In the latest episode of She Talks Law, I was joined by two amazing women who are leaders in the M&A dealmaking space: Siobhan McCleary, managing director of Ventures & Acquisitions at Accenture, and Amy O'Keefe, a partner in Nixon Peabody's Corporate practice.
Together, we discussed the importance of having women-led teams in all facets of the M&A process, how women bring different perspectives to the table, and how that ultimately leads to better business outcomes.
"Diverse minds create more innovative and creative outcomes." – Siobhan McCleary
Siobhan shared her career journey from Big Law to in-house counsel and how she found her passion and fit in M&A at Accenture. She also talked about some of the initiatives and goals Accenture has to promote diversity, equity, and inclusion both internally and externally.
Amy co-leads Nixon Peabody's Women in Dealmaking initiative, which aims to spotlight and connect women dealmakers from attorneys to bankers to investors to accountants to consultants. She explained how having more women at the dealmaking table is a critical and valuable component to better business outcomes.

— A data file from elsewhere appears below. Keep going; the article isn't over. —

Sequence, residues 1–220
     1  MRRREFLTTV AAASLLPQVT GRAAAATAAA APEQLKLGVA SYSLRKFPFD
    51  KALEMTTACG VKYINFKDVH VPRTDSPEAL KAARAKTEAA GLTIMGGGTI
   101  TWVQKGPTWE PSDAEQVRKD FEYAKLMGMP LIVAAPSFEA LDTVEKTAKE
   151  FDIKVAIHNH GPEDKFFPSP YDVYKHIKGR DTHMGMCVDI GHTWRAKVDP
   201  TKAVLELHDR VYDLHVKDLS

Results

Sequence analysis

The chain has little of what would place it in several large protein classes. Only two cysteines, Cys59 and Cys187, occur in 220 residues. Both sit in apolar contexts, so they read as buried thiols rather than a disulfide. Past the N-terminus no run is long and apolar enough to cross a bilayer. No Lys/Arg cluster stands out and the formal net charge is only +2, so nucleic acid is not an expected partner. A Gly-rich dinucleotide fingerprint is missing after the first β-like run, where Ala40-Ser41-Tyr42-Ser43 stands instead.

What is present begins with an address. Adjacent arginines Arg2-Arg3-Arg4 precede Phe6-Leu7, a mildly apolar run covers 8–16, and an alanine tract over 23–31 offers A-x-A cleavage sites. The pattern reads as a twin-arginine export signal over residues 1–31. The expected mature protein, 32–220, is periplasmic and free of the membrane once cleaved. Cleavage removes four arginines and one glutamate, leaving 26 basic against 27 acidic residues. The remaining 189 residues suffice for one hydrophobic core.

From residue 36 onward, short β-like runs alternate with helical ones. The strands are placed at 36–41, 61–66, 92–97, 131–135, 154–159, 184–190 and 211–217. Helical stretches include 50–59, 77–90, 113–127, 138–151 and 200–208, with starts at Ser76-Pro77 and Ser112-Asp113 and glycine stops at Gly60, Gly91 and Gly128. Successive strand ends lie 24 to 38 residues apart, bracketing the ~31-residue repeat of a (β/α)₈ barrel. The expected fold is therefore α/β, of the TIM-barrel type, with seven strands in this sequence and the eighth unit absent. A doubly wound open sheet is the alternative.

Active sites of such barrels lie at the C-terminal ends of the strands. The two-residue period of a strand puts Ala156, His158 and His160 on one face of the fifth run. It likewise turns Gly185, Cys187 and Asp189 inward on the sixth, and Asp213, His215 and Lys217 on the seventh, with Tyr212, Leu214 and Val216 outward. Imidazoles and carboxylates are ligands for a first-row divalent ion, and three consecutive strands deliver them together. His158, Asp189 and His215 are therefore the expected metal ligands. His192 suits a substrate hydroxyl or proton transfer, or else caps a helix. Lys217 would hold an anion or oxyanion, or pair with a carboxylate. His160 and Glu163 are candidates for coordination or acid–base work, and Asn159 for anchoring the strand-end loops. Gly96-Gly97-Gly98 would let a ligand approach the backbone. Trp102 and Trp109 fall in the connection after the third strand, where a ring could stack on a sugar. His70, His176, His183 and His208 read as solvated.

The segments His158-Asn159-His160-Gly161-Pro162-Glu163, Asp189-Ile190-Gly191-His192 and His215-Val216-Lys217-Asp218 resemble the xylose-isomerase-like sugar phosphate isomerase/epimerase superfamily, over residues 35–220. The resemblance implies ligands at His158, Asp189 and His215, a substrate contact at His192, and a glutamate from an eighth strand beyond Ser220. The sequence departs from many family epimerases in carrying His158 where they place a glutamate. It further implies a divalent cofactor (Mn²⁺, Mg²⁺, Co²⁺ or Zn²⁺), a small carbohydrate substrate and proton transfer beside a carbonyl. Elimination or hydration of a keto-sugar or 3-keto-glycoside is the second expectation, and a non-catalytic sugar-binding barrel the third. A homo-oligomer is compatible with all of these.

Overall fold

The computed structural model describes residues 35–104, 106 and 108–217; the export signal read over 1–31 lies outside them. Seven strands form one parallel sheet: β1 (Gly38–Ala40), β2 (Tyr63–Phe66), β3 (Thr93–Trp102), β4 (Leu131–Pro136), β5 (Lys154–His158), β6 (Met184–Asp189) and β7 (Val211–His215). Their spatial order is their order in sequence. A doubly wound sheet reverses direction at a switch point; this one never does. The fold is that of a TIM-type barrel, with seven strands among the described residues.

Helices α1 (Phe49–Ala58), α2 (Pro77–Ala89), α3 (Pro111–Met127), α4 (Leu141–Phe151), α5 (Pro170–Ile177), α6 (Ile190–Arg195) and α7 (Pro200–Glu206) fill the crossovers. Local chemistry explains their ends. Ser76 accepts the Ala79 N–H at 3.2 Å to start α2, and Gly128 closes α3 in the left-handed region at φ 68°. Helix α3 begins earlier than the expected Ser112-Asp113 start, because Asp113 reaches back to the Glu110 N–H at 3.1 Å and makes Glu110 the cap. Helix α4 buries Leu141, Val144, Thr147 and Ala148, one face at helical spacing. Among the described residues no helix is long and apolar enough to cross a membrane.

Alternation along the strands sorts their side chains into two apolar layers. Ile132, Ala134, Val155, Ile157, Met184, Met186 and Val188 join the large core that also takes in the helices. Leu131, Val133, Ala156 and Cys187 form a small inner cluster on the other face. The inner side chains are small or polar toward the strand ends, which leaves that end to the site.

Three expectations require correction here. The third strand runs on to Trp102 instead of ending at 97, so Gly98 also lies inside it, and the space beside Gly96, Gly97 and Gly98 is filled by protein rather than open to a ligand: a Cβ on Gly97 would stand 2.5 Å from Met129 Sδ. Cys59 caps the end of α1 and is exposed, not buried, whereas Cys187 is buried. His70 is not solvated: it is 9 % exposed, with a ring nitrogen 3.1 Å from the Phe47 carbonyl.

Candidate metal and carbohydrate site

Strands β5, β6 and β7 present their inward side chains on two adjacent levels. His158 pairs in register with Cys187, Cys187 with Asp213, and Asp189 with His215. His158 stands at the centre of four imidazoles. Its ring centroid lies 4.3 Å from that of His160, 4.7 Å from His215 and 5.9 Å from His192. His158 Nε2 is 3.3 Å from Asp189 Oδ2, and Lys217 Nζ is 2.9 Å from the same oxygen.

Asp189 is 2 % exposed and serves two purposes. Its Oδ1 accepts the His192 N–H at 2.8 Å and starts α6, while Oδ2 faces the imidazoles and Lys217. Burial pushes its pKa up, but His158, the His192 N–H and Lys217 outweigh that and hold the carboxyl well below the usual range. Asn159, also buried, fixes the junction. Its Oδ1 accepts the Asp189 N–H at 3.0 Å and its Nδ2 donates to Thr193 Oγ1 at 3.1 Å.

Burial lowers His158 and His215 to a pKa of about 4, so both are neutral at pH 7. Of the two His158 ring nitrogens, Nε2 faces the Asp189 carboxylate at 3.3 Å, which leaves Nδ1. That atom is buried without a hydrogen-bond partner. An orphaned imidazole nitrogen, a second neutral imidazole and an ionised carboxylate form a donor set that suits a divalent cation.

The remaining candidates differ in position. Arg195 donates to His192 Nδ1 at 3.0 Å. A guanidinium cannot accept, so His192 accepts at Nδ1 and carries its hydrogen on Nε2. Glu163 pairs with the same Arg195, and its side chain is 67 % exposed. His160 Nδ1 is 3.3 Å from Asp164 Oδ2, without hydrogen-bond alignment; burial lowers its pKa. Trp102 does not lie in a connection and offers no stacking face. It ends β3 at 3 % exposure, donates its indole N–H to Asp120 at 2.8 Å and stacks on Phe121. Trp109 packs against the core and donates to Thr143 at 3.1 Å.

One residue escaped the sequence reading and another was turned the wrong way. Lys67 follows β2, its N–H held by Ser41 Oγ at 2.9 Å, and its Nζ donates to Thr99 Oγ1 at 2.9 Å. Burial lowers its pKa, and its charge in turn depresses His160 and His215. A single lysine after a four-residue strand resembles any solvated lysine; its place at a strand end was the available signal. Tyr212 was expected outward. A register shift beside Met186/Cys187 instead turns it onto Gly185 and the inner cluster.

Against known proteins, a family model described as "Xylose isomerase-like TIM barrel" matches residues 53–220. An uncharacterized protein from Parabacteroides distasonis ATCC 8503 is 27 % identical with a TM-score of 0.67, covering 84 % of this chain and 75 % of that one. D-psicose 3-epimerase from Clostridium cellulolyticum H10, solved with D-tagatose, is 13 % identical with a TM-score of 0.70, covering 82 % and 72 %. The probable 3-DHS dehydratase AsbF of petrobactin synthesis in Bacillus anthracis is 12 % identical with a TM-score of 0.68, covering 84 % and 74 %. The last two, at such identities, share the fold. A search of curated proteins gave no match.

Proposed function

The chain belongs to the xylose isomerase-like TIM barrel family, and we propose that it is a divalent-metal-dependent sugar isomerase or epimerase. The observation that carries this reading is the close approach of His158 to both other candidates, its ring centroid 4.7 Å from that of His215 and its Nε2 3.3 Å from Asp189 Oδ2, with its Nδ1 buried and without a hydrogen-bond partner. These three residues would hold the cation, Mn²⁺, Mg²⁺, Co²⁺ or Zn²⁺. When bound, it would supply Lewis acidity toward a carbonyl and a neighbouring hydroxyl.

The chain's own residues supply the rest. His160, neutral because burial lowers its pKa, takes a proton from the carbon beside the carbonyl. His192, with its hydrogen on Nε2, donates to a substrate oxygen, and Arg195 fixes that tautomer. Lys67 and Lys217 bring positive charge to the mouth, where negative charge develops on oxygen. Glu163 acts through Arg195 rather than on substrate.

"Women assess risk differently, approach negotiations differently, and think about post-M&A integration and culture differently. It's critically important to have all of these different perspectives, and I think women in particular add value in these areas." – Amy O'Keefe
One of the key takeaways from our conversation was the need to be intentional and proactive about networking, both within and outside of your workplace—something that many younger professionals tend to struggle with more in a “post-Covid” world. At 19:40, Siobhan and Amy share some valuable tips and tools on how to do that, includind being intentional about asking for advice, having virtual coffees with colleagues and peers virtually and in person, setting office hours, and attending events. They also emphasized the importance of promoting oneself (Be your own cheerleader!) and not letting perfection be the enemy of the good despite inherent challenges and (sometimes self-imposed) expectations in our personal and professional lives.